What is Christmas Like for Survivors of Persecution? Read Nigerians Accounts Here.

ICC Note

Nigerians in Platea State, Nigeria described what their Christmas was like after being affected by some of the worst attacks on Christians in late 2017. They describe how even if they had the money to celebrate, they did not have the will. Many of them lost family members or friends to attacks by Fulani militants. They then stated how many of them didn’t have the money to celebrate anyway, because they also lost their homes and farms. These farms are their livelihoods, and without them, they have no way to restart or pay for the normal costs of life.

 

2018-01-01 Nigeria (WorldWatchMonitor) How do Christians under pressure for their faith celebrate Christmas? In the ninth installment of our series, we hear from Nigerians in central Plateau State affected by violence.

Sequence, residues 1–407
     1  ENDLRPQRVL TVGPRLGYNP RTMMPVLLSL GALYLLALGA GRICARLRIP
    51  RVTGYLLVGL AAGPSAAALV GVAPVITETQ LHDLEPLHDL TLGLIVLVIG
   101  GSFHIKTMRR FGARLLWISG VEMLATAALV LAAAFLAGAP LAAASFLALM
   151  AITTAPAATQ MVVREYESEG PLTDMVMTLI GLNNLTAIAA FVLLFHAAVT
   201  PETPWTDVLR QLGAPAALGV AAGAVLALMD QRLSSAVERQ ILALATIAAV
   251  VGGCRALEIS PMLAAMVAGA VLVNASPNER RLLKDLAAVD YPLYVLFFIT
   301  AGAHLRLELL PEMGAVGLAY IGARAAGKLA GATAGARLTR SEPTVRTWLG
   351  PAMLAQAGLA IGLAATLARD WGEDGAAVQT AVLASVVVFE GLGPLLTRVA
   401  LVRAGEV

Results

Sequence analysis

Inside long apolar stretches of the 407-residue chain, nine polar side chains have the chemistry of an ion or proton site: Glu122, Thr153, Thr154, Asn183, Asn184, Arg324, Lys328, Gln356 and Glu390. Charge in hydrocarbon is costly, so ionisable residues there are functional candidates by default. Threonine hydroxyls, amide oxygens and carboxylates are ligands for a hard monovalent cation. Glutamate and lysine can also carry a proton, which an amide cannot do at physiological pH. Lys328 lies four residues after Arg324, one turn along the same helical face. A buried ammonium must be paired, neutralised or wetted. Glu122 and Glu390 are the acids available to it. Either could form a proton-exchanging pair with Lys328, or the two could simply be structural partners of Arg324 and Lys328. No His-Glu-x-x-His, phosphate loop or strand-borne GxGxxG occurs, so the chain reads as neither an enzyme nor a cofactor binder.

While the Islamist group Boko Haram has gained notoriety for its attacks on civil, military and Christian targets, a second source of violence has become a deadlier threat. Disparate groups of armed ethnic Fulani nomadic herdsmen have attacked villages, homes and people in Nigeria’s verdant Plateau state as the Sahara Desert pushes south and water sources and good pasture become scarcer. The Fulani are mostly Muslim and often the land to which they move their herds belongs to agricultural farmers who are Christian. Therefore although the clashes are primarily about resources, they are being viewed by some through a religious lens, and the government’s perceived failure to protect or compensate farmers is seen as being a continuation of its ambivalence regarding protecting Christians and other civilians in the north of the country from Boko Haram. Many of the communities attacked by Fulani herdsmen say they have received no aid from government or charities.

Solomon Dachung Danboyi lost four nephews in an attack in November on Diyan village in Riyom Local Government Area of Plateau state. Several other relatives were hospitalised. He said neither he nor the boys’ parents could think about celebrating Christmas. “We would only take out time to pray quietly in our home,” he said.

 

 

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